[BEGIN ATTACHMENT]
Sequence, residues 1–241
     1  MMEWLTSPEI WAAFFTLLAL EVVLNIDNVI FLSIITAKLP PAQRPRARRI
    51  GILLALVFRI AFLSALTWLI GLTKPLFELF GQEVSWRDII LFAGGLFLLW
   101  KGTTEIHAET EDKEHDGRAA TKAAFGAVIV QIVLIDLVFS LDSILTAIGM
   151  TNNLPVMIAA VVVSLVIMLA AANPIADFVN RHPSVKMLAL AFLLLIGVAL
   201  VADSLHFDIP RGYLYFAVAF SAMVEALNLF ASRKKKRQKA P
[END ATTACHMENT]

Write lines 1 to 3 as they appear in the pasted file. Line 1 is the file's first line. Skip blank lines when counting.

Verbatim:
Sequence, residues 1–241
     1  MMEWLTSPEI WAAFFTLLAL EVVLNIDNVI FLSIITAKLP PAQRPRARRI
    51  GILLALVFRI AFLSALTWLI GLTKPLFELF GQEVSWRDII LFAGGLFLLW